[vworld-tech] Modern MUD server design
teelf at ascendantmud.net
Thu Feb 19 20:26:31 PST 2004
Brian Hook said:
> Lee Faris said:
> > Why is that? What advantages are there to writing the game logic
> > in a scripting language versus writing it in the same language as
> > the kernel.
> Not to state the obvious, but because you get all the advantages of
> the scripting language. Assuming you believe that a language such as
> Python, Ruby, Lua, etc. has significant advantages for higher level
> application development than a lower level language, then using it for
> your game logic gives you a bunch of rapid development advantages.
> If you're using a compile/link language like C/C++, then having to
> recompile and relink everything just because you've changed an orc's
> pathfinding algorithm can suck since you have to bring down the world
> (you could, in theory, use shared libraries, but that presents its own
> set of problems).
> Basically, Python et. al. have a slew of advantages over C/C++ for
> logic programming. C/C++ are great for many things, especially when
> you need good performance and tight control over memory layout, but
> Python et. al. are really nice for fast development. Intrinsic
> garbage collection and dictionaries alone are practically worth the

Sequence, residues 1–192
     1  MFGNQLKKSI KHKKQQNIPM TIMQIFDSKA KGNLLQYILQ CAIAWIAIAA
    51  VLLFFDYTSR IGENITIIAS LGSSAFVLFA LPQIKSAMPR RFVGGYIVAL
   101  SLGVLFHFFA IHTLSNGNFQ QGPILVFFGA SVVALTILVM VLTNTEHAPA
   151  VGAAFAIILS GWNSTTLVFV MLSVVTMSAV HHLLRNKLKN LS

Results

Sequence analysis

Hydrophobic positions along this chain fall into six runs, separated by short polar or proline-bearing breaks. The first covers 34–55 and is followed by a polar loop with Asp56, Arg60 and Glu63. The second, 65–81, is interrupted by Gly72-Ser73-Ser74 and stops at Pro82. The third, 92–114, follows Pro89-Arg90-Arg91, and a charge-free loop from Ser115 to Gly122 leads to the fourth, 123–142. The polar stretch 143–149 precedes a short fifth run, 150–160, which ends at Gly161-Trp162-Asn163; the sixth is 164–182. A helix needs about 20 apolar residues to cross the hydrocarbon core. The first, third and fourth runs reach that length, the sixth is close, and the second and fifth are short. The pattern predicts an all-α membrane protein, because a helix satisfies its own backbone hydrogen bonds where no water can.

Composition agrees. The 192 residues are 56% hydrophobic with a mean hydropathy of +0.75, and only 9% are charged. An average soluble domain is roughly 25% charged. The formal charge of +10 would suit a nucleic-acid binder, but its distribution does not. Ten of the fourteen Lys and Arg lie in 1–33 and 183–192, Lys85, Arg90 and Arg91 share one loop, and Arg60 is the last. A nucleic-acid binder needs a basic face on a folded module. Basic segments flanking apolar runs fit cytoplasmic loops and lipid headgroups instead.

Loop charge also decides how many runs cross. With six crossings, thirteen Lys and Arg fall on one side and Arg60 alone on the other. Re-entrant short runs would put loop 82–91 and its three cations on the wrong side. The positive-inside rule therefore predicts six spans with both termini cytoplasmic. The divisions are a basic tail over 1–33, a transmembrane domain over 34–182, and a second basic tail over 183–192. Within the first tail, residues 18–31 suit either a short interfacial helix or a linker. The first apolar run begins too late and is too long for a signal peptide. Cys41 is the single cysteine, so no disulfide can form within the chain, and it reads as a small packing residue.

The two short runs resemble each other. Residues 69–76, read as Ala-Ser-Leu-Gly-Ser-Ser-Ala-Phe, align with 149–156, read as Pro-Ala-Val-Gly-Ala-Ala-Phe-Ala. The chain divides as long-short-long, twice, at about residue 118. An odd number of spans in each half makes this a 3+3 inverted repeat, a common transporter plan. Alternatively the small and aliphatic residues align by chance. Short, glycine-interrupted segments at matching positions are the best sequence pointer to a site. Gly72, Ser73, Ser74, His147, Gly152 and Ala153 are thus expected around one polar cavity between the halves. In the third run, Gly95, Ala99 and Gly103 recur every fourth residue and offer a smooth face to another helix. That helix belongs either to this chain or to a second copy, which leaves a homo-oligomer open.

> price of admission, then toss in all the various standard packages for
> sockets, io, SSL, etc. and it becomes a no-brainer.
I've been thinking about this for awhile (I'm a slow thinker), and I very
much agree. It has become obvious from experience.
Thinking about it more, I remembered when I did a school project in Lisp. I
remember that we did get off to a great start but we spent a lot of time
debugging runtime errors later on. Then we did a project in ML and I can't
recall any runtime errors. This would seem to stem from the type system of
Since catching errors at compile time is preferable to runtime, why are the
main languages mentioned for server development all so weakly typed? If
scripting languages arose out of the need to do small tasks quickly, then a
weakly typed language seems appropriate. Runtime errors would be much
easier to find in a small amount of code. But is it still appropriate to
code a large piece of software that needs to be highly stable in the same
And thinking further (bear with me), what is specifically about C++ that is
undesirable? Can we simply hook up a garbage collector to a mud server and
be able to develop just as 'fast' as with Python (taking into consideration
the debugging)? Or if that still isn't a good solution because of the lack
of libraries then why aren't we all using ML? Or barring any ML specific
issues, why aren't we all using a strongly typed 'scripting' language (does
it cease to be a scripting language if it's stongly typed..)?
I think that is enough for now...
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